1. Festive cheer? Alcohol and the NHS

    18 Dec 2014
    Comments

    During Christmas party season the effects of excessive alcohol consumption may cause headaches, and not just for those who overindulge. Our health and public services will also suffer.

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  2. Over-stretched hospitals: let's improve how patients are met on arrival, not block the front door.

    (Guest blogger)
    30 Oct 2014
    Comments

    Jeremy Hunt this morning pledged that £5bn worth of Better Care Fund allocations, founded on targets for reducing urgent hospital admissions, will 'change the basic NHS model'.

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  3. Improving cancer diagnosis: is there a better way than naming and shaming?

    30 Jul 2014
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    In a drive to improve England’s record on cancer survival, Jeremy Hunt recently announced that he will 'name and shame' low-referring GPs. It’s clear that improving early diagnosis of cancer could improve survival. But it’s not clear how shaming GPs into referring more patients will solve the problem of delayed diagnosis.

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  4. The Better Care Fund: do the sums add up?

    8 May 2014
    Comments

    Yesterday's Guardian reports that the Government’s plans for the Better Care Fund have been put on hold as the Cabinet Office demand that the Department of Health do more to explain how the savings needed to pay for it will be secured. Government sources have been quick to dampen speculation that this signals trouble for the plans.

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  5. I have to readmit – it’s getting better

    (Guest blogger)
    7 Apr 2014
    Comments

    Hospital readmissions for emergency care have been the subject of policy attention for a few years. The common view is that they are preventable by a better standard of care; however the reality is much more complex.

    Our research, published in the Emergency Medicine Journal, throws some light on this reality.

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  6. Come again? What the data tells us about repeat A&E visits

    9 Jan 2014
    Comments

    The BBC’s research, published yesterday, on frequent users of A&E makes for interesting reading. They found that nearly 12,000 people made more than 10 visits to the same unit in 2012/13, and a small number of those attended more than 50 times. This is an eye catching finding and it is important to consider what those numbers might actually mean.

    While the 200,000 attendances used by people attending A&E more than 10 times a year is a big number, it represents just a tiny fraction of the 14 million total attendances at...

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  7. The quality of care: we must keep watching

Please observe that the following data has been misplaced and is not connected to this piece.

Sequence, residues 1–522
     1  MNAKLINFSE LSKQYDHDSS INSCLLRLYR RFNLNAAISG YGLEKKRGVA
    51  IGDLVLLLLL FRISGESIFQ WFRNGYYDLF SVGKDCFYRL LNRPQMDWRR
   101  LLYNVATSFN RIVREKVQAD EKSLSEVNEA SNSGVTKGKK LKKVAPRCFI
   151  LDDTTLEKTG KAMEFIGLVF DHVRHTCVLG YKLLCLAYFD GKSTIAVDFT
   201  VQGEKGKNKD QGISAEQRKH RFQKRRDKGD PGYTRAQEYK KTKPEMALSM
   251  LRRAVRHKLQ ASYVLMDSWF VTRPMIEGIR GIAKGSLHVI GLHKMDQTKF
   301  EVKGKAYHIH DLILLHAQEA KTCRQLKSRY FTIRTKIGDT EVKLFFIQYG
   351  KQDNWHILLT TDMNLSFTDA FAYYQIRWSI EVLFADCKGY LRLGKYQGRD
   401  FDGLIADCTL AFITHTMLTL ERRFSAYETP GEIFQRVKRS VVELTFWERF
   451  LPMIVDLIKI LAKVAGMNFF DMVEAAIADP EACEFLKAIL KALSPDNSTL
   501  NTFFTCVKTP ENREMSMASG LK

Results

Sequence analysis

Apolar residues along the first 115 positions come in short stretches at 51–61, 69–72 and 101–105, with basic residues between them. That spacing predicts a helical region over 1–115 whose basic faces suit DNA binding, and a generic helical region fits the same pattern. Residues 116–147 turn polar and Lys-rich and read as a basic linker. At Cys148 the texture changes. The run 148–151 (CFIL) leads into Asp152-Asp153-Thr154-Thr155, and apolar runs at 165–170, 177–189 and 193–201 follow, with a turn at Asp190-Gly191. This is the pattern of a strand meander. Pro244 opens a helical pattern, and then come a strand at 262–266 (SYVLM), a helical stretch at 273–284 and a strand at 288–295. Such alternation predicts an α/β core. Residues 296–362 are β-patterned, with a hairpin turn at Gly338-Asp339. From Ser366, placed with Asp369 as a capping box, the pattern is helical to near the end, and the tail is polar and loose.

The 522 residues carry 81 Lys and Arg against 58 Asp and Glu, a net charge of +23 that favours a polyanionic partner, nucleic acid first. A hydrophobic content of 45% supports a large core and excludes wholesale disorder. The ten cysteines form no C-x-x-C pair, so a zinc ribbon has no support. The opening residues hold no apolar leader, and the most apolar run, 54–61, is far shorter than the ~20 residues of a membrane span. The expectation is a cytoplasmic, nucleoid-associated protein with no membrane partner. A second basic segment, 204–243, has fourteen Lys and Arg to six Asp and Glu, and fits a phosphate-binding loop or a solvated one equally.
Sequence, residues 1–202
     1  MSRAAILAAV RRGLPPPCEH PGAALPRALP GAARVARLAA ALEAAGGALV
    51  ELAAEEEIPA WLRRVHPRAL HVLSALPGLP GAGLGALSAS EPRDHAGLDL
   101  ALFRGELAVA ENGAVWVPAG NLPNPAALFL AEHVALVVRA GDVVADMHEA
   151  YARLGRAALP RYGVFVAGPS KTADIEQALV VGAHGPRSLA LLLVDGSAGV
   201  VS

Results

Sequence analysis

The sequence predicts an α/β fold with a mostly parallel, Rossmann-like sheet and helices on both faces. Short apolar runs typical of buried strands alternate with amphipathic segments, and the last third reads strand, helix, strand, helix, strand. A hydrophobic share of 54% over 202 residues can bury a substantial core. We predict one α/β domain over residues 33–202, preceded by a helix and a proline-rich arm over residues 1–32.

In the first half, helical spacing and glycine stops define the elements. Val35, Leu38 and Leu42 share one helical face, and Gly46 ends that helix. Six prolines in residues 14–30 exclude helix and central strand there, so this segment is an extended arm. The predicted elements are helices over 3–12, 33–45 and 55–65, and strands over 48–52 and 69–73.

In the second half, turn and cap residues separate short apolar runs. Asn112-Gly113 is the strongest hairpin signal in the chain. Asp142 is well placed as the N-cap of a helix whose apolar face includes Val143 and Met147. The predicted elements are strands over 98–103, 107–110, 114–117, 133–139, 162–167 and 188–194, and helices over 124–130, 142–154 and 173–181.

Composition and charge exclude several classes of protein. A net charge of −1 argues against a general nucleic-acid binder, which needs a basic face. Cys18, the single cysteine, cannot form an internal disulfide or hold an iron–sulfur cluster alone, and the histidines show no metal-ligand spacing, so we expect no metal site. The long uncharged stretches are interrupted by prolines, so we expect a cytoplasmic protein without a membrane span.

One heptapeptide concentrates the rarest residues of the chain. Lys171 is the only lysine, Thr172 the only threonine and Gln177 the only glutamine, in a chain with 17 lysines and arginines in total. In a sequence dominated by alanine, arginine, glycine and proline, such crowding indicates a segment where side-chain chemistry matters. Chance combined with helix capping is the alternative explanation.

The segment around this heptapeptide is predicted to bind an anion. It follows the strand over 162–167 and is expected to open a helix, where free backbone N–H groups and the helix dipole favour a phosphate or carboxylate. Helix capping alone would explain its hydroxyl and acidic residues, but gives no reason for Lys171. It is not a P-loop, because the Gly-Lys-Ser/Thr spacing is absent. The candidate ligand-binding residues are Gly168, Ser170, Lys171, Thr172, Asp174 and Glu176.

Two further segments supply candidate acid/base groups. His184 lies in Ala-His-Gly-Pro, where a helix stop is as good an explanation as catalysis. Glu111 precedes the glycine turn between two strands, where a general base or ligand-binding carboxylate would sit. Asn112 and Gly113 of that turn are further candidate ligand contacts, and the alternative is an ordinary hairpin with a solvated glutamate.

21 Nov 2013
    Comments

    This week the Care Quality Commission (CQC) have published their annual report on the state of care. It provides a useful overview of the state of care services in England, and also tells us a little of the state of the regulator too.

    Everyone understands that these are difficult times for care services. The financial constraints introduced in 2010/11 are starting to bite and the NHS is still coming to terms with its recent re-organisation. Many people are worried about the impact this may be having on...

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  8. Houston, we have a problem

    12 Nov 2013
    Comments

    Next year (2014/15) is an important year – if all had gone to plan the structural current deficit would be eliminated and it would be the last year of austerity. It was also supposed to be the year in which almost all NHS trusts became foundation trusts (FT).

    As it is, the Government is not expecting to close the current account deficit until 2017 and 100 NHS trusts are still not foundation trusts.

    The combination of deteriorating finances and the new Care Quality Commission (CQC) inspection regime mean that very few will make it to FT status this side of the election.

    ...

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  9. Virtual reality: observations from the Nuffield Trust study of Virtual Wards

    6 Nov 2013
    Comments

    Implementing new models of care is not easy – and especially so when organising community-based services that aim to tackle the challenges of more chronic disease and greater levels of emergency care.  

    One of the more interesting approaches of the past few years has been the Virtual Ward and we recently published a report, funded by the National Institute for Health Research Service Delivery and Organisation Programme, looking at three early examples of Virtual...

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  10. Can telephone health coaching prevent hospital admission?

    7 Aug 2013
    Comments

    Health services around the world are attempting to improve care for people with long-term conditions, as currently it is often fragmented and expensive. Many interventions have been tried and tested. To the long list of evaluations another can now be added – that of Birmingham OwnHealth (published today in the BMJ).

    Birmingham OwnHealth was England’s largest example of telephone health coaching, established in 2006. Operating as part of...

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  11. Predictive risk: an idea whose time has come?

    (Guest blogger)
    29 Jul 2013
    Comments

    The Nuffield Trust recently held its fourth annual conference on predictive risk - or applying statistical models to populations in order to identify patients who might benefit from health interventions of various kinds.

    The mere fact that this was the fourth conference on the subject shows that this is an idea with legs. And, indeed, it has just been given a boost by the Department of Health, which has included a directed enhanced service for ‘risk profiling and care management...